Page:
Basic Format - PARAPHRASING:
(Author's Last Name, Date of Publication)
Basic Format - DIRECT QUOTATIONS
(Author's Last Name, Date of Publication, p. #)
Chocolate is often viewed as a junk food, but its value as unique nutritional source should not be underestimated. In fact, a survey of early South Pole explorer diaries shows that larger chocolate rations “may have been a deciding factor between Roald Amundsen’s successful trek to the South Pole and the fatal attempt by Robert Scott” (West, 2009, p. 110). The fact that chocolate was not seen as a frivolity, but deemed important enough staple to pack on these grueling expeditions is a testament to its value in the human diet. Also, there is the more modern comparison that M&M’s chocolate candies were chosen for military expeditions in World War II because they were an energy boosting snack that also did not easily melt (Mirrer, 2018).
(Last Name, year).
(Last Name & Last Name, year).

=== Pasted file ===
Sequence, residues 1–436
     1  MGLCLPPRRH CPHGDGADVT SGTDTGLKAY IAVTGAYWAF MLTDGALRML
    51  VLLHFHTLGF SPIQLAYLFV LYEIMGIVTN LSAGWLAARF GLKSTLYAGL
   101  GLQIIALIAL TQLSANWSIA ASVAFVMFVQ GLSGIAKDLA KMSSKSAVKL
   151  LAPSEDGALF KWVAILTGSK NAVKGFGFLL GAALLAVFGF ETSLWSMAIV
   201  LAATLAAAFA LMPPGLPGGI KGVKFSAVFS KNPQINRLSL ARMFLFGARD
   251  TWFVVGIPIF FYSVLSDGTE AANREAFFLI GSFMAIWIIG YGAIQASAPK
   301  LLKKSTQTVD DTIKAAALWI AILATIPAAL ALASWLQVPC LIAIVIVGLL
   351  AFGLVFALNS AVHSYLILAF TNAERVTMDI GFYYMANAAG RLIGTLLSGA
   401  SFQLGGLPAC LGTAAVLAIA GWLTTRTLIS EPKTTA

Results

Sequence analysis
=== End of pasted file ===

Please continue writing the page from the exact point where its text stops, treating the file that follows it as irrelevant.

Three or more Authors
(Last Name, et al., year).
Strong, et al. (1999) compared marital fidelity...
(“Shortened Title,” year).
...incidence of drought increased 10% (“Weather Patterns,” 2009).
[full title = “Weather patterns wreak havoc for Oklahoma farmers”]
(Last Name, n.d.).
...Orissi dance has undergone a major revival since the 1950s (Gupta, n.d.)
With Page Number
(Last Name, year, p. #).
With No Page Number
(Last Name, year, name of section heading or para. #).
[if possible include heading names or paragraph numbers to help readers locate the passage]
Secondary Source: when your source quotes from another, secondary source
(Secondary Source, year, as cited in Your Source, year, p. #).